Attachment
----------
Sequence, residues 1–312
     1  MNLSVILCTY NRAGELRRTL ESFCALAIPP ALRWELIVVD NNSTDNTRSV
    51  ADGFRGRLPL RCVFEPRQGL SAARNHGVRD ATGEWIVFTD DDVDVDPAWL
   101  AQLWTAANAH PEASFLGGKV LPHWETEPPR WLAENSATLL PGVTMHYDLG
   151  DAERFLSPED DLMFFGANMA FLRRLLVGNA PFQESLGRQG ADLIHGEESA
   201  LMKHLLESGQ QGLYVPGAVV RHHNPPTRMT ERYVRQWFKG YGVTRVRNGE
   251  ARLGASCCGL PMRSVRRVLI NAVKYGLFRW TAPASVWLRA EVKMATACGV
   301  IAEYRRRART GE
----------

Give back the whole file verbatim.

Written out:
Sequence, residues 1–312
     1  MNLSVILCTY NRAGELRRTL ESFCALAIPP ALRWELIVVD NNSTDNTRSV
    51  ADGFRGRLPL RCVFEPRQGL SAARNHGVRD ATGEWIVFTD DDVDVDPAWL
   101  AQLWTAANAH PEASFLGGKV LPHWETEPPR WLAENSATLL PGVTMHYDLG
   151  DAERFLSPED DLMFFGANMA FLRRLLVGNA PFQESLGRQG ADLIHGEESA
   201  LMKHLLESGQ QGLYVPGAVV RHHNPPTRMT ERYVRQWFKG YGVTRVRNGE
   251  ARLGASCCGL PMRSVRRVLI NAVKYGLFRW TAPASVWLRA EVKMATACGV
   301  IAEYRRRART GE